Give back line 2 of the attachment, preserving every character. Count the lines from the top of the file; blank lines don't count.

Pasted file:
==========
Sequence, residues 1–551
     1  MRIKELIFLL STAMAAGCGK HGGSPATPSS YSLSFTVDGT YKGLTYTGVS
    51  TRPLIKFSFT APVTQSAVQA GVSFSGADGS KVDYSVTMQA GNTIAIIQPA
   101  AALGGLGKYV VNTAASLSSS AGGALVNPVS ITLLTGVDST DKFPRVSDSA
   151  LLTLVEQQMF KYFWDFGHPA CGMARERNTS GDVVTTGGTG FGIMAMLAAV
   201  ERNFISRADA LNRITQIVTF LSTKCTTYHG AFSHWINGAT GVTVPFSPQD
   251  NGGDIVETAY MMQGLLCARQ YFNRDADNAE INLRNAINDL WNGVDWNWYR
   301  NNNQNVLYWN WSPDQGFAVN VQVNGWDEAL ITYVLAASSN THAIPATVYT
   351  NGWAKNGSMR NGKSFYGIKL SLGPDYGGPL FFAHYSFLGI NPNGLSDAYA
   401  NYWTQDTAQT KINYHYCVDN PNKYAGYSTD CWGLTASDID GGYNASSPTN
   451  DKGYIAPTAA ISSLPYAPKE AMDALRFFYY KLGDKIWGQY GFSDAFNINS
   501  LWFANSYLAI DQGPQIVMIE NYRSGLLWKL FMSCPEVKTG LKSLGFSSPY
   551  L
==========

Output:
     1  MRIKELIFLL STAMAAGCGK HGGSPATPSS YSLSFTVDGT YKGLTYTGVS